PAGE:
Student captures second in business contest

Andrew Friesen might be one of the district’s next business leaders.
Friesen, 15, recently placed second in the northern regional section of the Ontario Secondary School Business Plan Competition for his business, “Sunset Country Silviculture.”
“It’s about a tree-planting company, where you contact private property owners to see if they would like trees planted on their property,” Friesen explained last week.
“Then you discuss with [the owners] what kind of trees, how many per hector, and you come up with a plan on how you’re going to do it,” the 10th-grader added.
Friesen said he came up with the idea from a round-the-table discussion at supper time, though giving most of the credit to his younger brother for initiating the idea for his plan.
Once he started making phone calls and doing plenty of research for the project, Friesen said he learned a lot about the financial implications of operating a business.
“It was difficult mainly because [my business] is different from other companies which deal more with Crown licenses,” he noted. “But since mine was private property, there is different costs involved.”
Friesen also noted he learned some important life lessons, too.
“I learned you have to take risks and stick with your idea,” he remarked. “You’re going to be in the hole at the start [but] if it works out in the end, you’re a long ways a head.”
Friesen participated in the contest as part of his entrepreneur class at the Sturgeon Creek Alternative Program in Stratton, where the entries were submitted last May to be judged among others from the region.
“We probably spent a good couple of months on the project,” Friesen estimated, noting the statistics, graphs, and diagrams that were included in the 50-page report.
Friesen won first place there, earning $1,000, with his classmates, Brandon Olsen and Kory DeGroot, placing second and third, respectively. All three were able to go to the awards banquet in Minaki back in June.
After the local competition, Friesen’s business plan was submitted for review by the northern regional section, which includes Sudbury and Sault Ste. Marie.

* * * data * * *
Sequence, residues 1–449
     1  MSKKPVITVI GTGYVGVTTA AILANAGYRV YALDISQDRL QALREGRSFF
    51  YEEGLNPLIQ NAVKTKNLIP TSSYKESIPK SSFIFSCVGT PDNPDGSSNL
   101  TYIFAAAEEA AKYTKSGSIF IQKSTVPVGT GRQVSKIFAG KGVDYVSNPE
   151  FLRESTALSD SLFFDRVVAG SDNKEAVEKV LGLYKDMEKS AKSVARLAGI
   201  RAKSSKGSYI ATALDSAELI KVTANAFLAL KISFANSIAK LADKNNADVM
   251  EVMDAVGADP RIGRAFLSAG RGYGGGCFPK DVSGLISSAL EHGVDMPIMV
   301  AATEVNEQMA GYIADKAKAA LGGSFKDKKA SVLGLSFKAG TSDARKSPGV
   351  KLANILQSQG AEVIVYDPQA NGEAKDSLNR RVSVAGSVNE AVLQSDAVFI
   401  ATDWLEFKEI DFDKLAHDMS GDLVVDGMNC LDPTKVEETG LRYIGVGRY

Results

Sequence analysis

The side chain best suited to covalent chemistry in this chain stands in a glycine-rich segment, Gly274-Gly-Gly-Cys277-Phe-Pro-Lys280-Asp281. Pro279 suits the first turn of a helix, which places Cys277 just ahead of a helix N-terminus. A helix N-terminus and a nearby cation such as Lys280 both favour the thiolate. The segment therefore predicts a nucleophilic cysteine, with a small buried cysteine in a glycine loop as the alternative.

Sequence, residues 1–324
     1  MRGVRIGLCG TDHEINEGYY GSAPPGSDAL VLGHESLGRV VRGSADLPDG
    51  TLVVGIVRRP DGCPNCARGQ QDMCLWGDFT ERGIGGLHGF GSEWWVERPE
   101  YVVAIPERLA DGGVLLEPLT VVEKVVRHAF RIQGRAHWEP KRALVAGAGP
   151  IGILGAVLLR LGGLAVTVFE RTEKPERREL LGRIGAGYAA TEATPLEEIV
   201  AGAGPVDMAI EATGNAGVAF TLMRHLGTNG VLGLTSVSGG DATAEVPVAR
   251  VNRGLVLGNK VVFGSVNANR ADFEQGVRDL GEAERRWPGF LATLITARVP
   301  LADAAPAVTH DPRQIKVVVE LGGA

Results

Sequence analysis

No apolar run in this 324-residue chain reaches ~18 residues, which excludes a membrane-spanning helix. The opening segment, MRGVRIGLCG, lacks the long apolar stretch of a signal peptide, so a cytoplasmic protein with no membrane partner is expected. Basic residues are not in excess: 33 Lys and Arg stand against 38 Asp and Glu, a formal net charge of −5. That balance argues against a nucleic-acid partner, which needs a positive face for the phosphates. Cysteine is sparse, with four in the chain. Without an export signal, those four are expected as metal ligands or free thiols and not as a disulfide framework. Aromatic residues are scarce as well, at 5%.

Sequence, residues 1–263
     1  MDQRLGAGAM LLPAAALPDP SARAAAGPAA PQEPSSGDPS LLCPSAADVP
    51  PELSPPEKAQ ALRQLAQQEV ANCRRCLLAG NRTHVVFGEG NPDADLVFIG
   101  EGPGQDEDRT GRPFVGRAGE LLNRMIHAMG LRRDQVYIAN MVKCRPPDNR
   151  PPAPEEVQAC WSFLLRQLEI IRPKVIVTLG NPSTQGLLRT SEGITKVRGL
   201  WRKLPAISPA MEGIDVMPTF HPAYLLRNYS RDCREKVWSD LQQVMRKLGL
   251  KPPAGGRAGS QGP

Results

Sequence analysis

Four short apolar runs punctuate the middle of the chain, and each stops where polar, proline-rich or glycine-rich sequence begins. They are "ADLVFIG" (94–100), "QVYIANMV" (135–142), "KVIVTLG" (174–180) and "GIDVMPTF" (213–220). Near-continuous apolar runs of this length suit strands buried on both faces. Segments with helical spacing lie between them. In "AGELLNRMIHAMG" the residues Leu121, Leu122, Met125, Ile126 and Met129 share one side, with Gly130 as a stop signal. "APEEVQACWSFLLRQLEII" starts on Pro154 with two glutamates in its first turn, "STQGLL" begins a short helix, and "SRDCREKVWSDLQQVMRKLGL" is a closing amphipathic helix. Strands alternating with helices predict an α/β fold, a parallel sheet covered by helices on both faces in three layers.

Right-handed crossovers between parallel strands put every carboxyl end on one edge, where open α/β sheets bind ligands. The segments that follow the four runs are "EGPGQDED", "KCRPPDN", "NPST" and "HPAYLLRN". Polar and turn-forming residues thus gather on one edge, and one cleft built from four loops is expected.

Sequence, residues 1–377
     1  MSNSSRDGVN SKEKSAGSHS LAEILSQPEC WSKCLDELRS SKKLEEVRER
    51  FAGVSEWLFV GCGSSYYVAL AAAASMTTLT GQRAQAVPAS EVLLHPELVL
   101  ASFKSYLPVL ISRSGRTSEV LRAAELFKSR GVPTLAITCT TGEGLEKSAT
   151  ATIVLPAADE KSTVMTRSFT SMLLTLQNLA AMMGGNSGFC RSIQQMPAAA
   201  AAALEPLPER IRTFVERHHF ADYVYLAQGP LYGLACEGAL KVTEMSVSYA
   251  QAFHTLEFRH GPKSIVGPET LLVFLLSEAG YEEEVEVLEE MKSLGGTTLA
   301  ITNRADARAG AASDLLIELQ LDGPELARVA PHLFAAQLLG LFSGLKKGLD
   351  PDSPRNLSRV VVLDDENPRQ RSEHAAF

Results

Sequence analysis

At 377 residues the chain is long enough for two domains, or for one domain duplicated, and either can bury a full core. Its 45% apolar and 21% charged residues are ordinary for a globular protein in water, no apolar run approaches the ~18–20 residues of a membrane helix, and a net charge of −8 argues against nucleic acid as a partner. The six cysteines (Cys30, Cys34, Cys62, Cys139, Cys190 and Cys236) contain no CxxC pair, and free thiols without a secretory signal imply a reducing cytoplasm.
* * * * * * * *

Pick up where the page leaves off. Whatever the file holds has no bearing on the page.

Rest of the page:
As announced by the provincial government in Sault Ste. Marie earlier this month, Friesen placed second, receiving a cheque for $750. If he had placed first, he would have been eligible to compete for the provincial honour.
Leah Reimer of Sudbury was the provincial winner after placing first in the northern regional section.
“I told him it’s pretty difficult to beat the provincial winner,” said Friesen’s mother, Olive.
“I think his finished product is something more like what a university or college student would produce, not a ninth-grader,” she enthused. “So, of course I’m very proud of him.”
However, Olive Friesen indicated she was a little worried about the pressure placed on her son since his older sister, Heidi, had placed first in the same contest—the northern regional section—two years ago.
“I just wanted to do my best and I’m happy with the results,” Andrew Friesen said.
While Friesen said he is an outdoors kind of person, he isn’t convinced he’ll be going into the tree-planting business in the future.
“I definitely don’t want an office job,” he said, noting he likely will own some sort of business one day. “But tree-planting is pretty rugged, so I’m not sure yet.”
However, with so many options available to him in the future, Friesen said he is grateful for this experience.
“I developed courage so I could talk to people higher up in companies and businesses,” he remarked. “It will also help with job interviews, too, because I understand what goes on in a business.”
Along with his academic strengths proven through his “business plan” awards, Friesen also is a keen athlete—recently placing 58th in the five-km distance at the Minnesota state cross-country meet.

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